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Studying Abroad and the Effect on International Labor Market Mobility: Evidence from the Introduction of ERASMUS

  • Parey, Matthias

    ()

    (University of Essex)

  • Waldinger, Fabian

    ()

    (University of Warwick)

We investigate the effect of studying abroad on international labor market mobility later in life for university graduates. As a source of identifying variation, we exploit the introduction and expansion of the European ERASMUS student exchange program, which significantly increases a student’s probability of studying abroad. Using an Instrument Variable approach we control for unobserved heterogeneity between individuals who studied abroad and those who did not. Our results indicate that student exchange mobility is an important determinant of later international labor market mobility: We find that studying abroad increases an individual’s probability of working in a foreign country by about 15 to 20 percentage points, suggesting that study abroad spells are an important channel to later migration. We investigate heterogeneity in returns and find that studying abroad has a stronger effect for credit constrained students. Furthermore, we suggest mechanisms through which the effect of studying abroad may operate. Our results are robust to a number of specification checks.

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Paper provided by Institute for the Study of Labor (IZA) in its series IZA Discussion Papers with number 3430.

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Length: 41 pages
Date of creation: Apr 2008
Date of revision:
Handle: RePEc:iza:izadps:dp3430
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  1. Axel Dreher & Panu Poutvaara, 2005. "Student Flows and Migration: An Empirical Analysis�," TWI Research Paper Series 8, Thurgauer Wirtschaftsinstitut, Universit�t Konstanz.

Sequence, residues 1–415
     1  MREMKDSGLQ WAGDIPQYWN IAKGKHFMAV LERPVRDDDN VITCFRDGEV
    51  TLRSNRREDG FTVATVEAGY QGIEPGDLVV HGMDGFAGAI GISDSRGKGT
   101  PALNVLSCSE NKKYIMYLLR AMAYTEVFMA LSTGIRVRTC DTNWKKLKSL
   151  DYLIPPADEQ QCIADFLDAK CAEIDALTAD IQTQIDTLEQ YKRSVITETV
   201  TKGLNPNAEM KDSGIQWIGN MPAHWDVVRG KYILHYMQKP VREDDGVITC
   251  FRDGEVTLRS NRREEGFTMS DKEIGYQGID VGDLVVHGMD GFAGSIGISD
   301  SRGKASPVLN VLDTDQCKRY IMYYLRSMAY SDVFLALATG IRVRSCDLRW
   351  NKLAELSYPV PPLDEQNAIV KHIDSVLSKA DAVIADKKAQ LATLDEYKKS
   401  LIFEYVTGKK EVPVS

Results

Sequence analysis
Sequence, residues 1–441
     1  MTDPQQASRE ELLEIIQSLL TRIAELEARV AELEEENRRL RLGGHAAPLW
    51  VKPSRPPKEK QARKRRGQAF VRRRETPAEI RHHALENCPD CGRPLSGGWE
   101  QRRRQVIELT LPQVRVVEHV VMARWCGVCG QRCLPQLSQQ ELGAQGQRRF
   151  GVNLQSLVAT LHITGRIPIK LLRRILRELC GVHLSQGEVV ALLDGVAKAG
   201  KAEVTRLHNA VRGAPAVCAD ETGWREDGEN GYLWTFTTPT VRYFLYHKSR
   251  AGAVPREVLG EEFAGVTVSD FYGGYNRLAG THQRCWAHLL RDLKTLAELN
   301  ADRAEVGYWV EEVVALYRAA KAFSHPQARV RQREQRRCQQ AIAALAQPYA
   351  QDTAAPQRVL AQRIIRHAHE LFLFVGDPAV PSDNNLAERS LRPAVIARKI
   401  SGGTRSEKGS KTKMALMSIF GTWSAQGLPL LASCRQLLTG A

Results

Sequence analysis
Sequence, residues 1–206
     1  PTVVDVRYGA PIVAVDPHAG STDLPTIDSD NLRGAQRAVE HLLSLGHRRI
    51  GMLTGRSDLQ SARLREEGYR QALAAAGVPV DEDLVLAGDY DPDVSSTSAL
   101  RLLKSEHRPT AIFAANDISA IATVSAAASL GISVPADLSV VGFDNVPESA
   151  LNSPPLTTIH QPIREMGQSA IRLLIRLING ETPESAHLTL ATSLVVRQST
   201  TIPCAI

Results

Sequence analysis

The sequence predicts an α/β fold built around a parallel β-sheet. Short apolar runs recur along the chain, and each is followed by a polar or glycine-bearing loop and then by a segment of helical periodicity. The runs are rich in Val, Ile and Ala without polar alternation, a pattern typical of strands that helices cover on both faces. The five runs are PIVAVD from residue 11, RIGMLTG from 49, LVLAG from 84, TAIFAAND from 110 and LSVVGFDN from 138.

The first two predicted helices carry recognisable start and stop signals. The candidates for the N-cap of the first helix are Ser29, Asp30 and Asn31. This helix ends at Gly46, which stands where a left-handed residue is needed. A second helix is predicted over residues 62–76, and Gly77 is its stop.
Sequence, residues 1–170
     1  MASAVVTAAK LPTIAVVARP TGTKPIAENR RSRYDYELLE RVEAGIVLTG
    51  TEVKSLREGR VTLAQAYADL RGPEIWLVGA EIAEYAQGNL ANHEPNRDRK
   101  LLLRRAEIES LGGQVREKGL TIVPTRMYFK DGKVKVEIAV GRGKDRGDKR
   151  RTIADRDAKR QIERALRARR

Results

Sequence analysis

2. Bhagwati, Jagdish & Hamada, Koichi, 1974. "The brain drain, international integration of markets for professionals and unemployment : A theoretical analysis," Journal of Development Economics, Elsevier, vol. 1(1), pages 19-42, April.
  3. Silke Uebelmesser, 2005. "To go or not to go: Emigration from Germany," CESifo Working Paper Series 1626, CESifo Group Munich.
  4. Kling, Jeffrey R, 2001. "Interpreting Instrumental Variables Estimates of the Returns to Schooling," Journal of Business & Economic Statistics, American Statistical Association, vol. 19(3), pages 358-64, July.
  5. Imbens, Guido W & Angrist, Joshua D, 1994. "Identification and Estimation of Local Average Treatment Effects," Econometrica, Econometric Society, vol. 62(2), pages 467-75, March.
  6. Michel Beine & Frédéric Docquier & Hillel Rapoport, 2001. "Brain drain and economic growth: theory and evidence," ULB Institutional Repository 2013/10449, ULB -- Universite Libre de Bruxelles.
  7. Axel Dreher & Panu Poutvaara, 2006. "Student Flows and Migration: An Empirical Analysis," KOF Working papers 06-142, KOF Swiss Economic Institute, ETH Zurich.
  8. Sascha O. Becker & Andrea Ichino & Giovanni Peri, 2004. "How Large Is the "Brain Drain" from Italy?," Giornale degli Economisti, GDE (Giornale degli Economisti e Annali di Economia), Bocconi University, vol. 63(1), pages 1-32, April.
  9. repec:brs:ecchap:12 is not listed on IDEAS
  10. Stock, James H & Wright, Jonathan H & Yogo, Motohiro, 2002. "A Survey of Weak Instruments and Weak Identification in Generalized Method of Moments," Journal of Business & Economic Statistics, American Statistical Association, vol. 20(4), pages 518-29, October.
  11. Yolanda K. Kodrzycki, 2001. "Migration of recent college graduates: evidence from the National Longitudinal Survey of Youth," New England Economic Review, Federal Reserve Bank of Boston, pages 13-34.
  12. W. A. V. Clark, 1985. "Human Migration," Book Chapters, in: Grant I. Thrall (ed.), Scientific Geography, pages 51 Regional Research Institute, West Virginia University.
  13. Greenwood, Michael J, 1975. "Research on Internal Migration in the United States: A Survey," Journal of Economic Literature, American Economic Association, vol. 13(2), pages 397-433, June.
  14. Hessel Oosterbeek & Dinand Webbink, 2011. "Does Studying Abroad Induce a Brain Drain?," Economica, London School of Economics and Political Science, vol. 78(310), pages 347-366, 04.
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